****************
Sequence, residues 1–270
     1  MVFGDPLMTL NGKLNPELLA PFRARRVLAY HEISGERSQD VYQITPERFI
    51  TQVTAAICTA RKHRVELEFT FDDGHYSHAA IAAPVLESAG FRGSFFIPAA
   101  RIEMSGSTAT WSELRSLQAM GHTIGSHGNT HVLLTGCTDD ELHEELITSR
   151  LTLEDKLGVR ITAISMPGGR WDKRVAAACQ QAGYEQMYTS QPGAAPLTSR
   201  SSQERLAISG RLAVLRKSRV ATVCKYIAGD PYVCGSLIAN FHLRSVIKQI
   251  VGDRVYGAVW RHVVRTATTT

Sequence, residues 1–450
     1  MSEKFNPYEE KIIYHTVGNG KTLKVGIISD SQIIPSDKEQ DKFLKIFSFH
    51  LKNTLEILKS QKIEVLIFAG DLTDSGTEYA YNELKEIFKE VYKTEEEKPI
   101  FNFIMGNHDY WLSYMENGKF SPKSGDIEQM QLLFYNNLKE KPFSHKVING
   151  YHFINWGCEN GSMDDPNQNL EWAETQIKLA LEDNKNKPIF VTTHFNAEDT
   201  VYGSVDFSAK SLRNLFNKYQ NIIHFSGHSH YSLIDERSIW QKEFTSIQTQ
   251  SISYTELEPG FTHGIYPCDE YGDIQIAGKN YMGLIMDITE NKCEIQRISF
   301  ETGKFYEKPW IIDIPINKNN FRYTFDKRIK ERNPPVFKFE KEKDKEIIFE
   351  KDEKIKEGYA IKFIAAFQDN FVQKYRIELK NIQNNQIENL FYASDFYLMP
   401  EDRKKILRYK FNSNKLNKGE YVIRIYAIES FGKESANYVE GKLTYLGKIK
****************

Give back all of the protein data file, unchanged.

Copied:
Sequence, residues 1–270
     1  MVFGDPLMTL NGKLNPELLA PFRARRVLAY HEISGERSQD VYQITPERFI
    51  TQVTAAICTA RKHRVELEFT FDDGHYSHAA IAAPVLESAG FRGSFFIPAA
   101  RIEMSGSTAT WSELRSLQAM GHTIGSHGNT HVLLTGCTDD ELHEELITSR
   151  LTLEDKLGVR ITAISMPGGR WDKRVAAACQ QAGYEQMYTS QPGAAPLTSR
   201  SSQERLAISG RLAVLRKSRV ATVCKYIAGD PYVCGSLIAN FHLRSVIKQI
   251  VGDRVYGAVW RHVVRTATTT

Sequence, residues 1–450
     1  MSEKFNPYEE KIIYHTVGNG KTLKVGIISD SQIIPSDKEQ DKFLKIFSFH
    51  LKNTLEILKS QKIEVLIFAG DLTDSGTEYA YNELKEIFKE VYKTEEEKPI
   101  FNFIMGNHDY WLSYMENGKF SPKSGDIEQM QLLFYNNLKE KPFSHKVING
   151  YHFINWGCEN GSMDDPNQNL EWAETQIKLA LEDNKNKPIF VTTHFNAEDT
   201  VYGSVDFSAK SLRNLFNKYQ NIIHFSGHSH YSLIDERSIW QKEFTSIQTQ
   251  SISYTELEPG FTHGIYPCDE YGDIQIAGKN YMGLIMDITE NKCEIQRISF
   301  ETGKFYEKPW IIDIPINKNN FRYTFDKRIK ERNPPVFKFE KEKDKEIIFE
   351  KDEKIKEGYA IKFIAAFQDN FVQKYRIELK NIQNNQIENL FYASDFYLMP
   401  EDRKKILRYK FNSNKLNKGE YVIRIYAIES FGKESANYVE GKLTYLGKIK